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Profiting in Small-Caps Whether They Go Up, Down, or Remain Flat

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It’s not often that we can make money even when our underlying investment goes down in price.

But one simple option strategy has the power to do just that. In fact, this strategy has consistently produced above-average returns with relatively low risk.

Before we delve into the strategy itself, let’s review some option basics.

Option Basics – A Refresher

There is no need to worry about complex mathematical formulas or equations. Over the years I’ve found that the more complicated a strategy is, the less likely it will work over the long-term. We want to employ a strategy that has a history of profitability and is easy to follow.

Options are standardized contracts that give the buyer the right – but not the obligation – to buy or sell the underlying stock at a fixed price which is known as the strike price. A call option gives the buyer the right to buy a stock, fund, or index, while a put option gives the buyer the right to sell the same. The investor who purchases an option (whether a put or call) is the option buyer, while the investor who sells a put or call is the seller or writer.

Options consist of time value and intrinsic value. In-the-money options consist of both components. At-the-money and out-of-the-money options consist only of time value. At options expiration, options lose all time value. When we are short an option, the time value of that option becomes profit at expiration regardless of the price movement of the underlying stock or ETF.

Become Your Own Bank

Most investors are not familiar with the concept of selling option premium to generate cash income. Selling option premium is a very simple but lucrative income strategy. When you sell an option, cash equal to the premium is immediately credited to your brokerage account.

Unlike a traditional stock dividend, you don’t have to own the stock on the dividend date to receive a quarterly dividend and you don’t have to wait a year to receive a 2% or 3% annual dividend yield.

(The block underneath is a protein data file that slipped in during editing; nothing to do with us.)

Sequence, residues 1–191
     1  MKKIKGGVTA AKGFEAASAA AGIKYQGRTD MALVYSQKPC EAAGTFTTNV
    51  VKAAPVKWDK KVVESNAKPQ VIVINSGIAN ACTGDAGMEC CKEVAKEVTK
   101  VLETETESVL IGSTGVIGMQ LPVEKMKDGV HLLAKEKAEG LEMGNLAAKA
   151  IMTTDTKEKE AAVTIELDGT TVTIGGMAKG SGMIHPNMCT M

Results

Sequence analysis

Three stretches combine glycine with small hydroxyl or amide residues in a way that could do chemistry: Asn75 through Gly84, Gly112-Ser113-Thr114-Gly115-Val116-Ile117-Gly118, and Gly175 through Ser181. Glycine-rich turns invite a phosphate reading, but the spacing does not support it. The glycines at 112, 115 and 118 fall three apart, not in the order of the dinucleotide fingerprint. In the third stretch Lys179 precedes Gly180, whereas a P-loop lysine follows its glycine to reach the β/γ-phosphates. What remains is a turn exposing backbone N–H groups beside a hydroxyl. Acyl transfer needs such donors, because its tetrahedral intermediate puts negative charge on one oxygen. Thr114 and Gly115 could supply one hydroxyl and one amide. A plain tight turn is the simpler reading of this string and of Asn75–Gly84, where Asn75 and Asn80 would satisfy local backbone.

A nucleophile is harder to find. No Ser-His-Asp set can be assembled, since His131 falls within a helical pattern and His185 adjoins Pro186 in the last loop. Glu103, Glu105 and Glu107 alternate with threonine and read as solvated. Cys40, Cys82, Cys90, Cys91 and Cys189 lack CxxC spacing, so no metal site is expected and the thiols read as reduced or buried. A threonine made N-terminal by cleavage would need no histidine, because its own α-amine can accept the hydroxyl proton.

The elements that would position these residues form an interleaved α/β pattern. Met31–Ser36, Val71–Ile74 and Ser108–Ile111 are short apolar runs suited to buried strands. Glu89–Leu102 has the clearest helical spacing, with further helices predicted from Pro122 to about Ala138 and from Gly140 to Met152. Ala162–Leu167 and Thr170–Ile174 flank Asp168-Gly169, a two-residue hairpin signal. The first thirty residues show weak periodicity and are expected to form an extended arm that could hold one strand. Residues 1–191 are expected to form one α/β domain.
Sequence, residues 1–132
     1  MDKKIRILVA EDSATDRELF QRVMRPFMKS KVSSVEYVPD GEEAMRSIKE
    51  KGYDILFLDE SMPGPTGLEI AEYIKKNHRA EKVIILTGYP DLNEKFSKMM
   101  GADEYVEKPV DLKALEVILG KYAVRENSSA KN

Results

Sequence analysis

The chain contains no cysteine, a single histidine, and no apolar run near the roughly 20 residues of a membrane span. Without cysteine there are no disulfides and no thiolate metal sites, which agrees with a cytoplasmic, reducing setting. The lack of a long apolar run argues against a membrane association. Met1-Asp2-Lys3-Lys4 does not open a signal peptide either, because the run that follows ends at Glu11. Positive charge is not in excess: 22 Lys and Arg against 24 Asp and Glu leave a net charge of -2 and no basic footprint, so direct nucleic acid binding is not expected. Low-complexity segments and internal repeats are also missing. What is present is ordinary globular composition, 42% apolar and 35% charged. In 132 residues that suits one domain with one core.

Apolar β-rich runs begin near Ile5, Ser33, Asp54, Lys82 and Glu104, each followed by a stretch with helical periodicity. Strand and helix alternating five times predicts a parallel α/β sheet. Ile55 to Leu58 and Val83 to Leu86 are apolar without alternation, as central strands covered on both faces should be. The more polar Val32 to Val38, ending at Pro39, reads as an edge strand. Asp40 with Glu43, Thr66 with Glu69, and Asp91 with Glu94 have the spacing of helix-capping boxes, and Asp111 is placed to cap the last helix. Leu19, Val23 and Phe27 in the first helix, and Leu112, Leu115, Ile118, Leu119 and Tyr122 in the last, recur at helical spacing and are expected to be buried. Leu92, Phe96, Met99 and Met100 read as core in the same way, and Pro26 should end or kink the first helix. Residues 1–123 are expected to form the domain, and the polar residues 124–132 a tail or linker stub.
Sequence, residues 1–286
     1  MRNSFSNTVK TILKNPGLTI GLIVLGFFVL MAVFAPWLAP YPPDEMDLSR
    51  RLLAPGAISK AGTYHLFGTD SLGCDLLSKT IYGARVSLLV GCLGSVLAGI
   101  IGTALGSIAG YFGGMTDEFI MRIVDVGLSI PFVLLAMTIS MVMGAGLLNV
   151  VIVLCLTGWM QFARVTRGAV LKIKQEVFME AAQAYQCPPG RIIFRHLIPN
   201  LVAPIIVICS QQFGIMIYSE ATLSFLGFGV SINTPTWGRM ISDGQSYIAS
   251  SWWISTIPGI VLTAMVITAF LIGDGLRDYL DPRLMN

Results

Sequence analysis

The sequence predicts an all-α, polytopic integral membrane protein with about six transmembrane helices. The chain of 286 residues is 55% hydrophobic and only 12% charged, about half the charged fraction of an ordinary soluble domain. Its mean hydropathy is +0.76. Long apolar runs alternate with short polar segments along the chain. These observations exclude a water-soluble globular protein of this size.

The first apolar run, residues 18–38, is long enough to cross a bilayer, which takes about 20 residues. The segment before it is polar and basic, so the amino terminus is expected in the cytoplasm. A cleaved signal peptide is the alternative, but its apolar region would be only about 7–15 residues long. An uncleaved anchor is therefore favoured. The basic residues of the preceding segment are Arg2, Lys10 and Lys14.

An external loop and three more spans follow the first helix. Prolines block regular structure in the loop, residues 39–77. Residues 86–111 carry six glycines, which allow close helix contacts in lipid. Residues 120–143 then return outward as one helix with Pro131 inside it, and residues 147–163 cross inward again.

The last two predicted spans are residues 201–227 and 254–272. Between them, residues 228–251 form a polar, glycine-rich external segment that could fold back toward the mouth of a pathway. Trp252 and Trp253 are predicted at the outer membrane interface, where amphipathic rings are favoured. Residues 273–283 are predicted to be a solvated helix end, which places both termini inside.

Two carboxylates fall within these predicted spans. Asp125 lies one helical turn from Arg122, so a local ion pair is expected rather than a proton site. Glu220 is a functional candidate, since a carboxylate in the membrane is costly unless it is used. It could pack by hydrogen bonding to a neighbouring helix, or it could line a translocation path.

The key to selling option premium to generate cash income is to make sure the option you sell is ‘covered’. In this example, we’ll be using what is known as a buy-write or covered call strategy. In this strategy, we buy in increments of 100 shares of a stock or ETF and sell a related call option. As options cover 100 shares of the underlying security, we want to make sure that we sell 1 call option for every 100 shares purchased.

Weekly covered calls are initiated by buying 100 shares of a stock and selling 1 weekly call option. As noted previously, when you sell an option, cash equal to the option premium sold is immediately credited to your brokerage account. This cash credit reduces the cost basis of the stock and reduces the overall risk of the trade. The great advantage to selling weekly calls is that you get to sell 52 options a year.

This strategy incurs less risk than owning the stock outright, but has the potential to deliver returns far in excess of simply owning the stock. Because the short option is ‘covered’ by the purchase of the stock or ETF, this strategy incurs limited risk. The covered call strategy can profit if the market goes up, down, or remains flat and gives us an edge in producing consistent returns during any type of market condition.

Weekly options are the ideal investment for turning small amounts of money into large amounts. This strategy is the ultimate game changer and can help us realize a more consistent profit flow.

Ideal Strategy for Today’s Volatile Markets

Selling option premium is a great strategy for profiting during hostile market conditions. Weekly options amplify this strategy as we get 52 opportunities each year to generate income as opposed to just 12 with monthly options.

Let’s take a look at an actual trade example. Small-caps have roared back from the dead this year and are staging an aggressive entry on today’s pullback. The Direxion Daily Small Cap Bull 3X ETF (TNA - Free Report) gives us levered exposure to this group and is a good candidate for our strategy.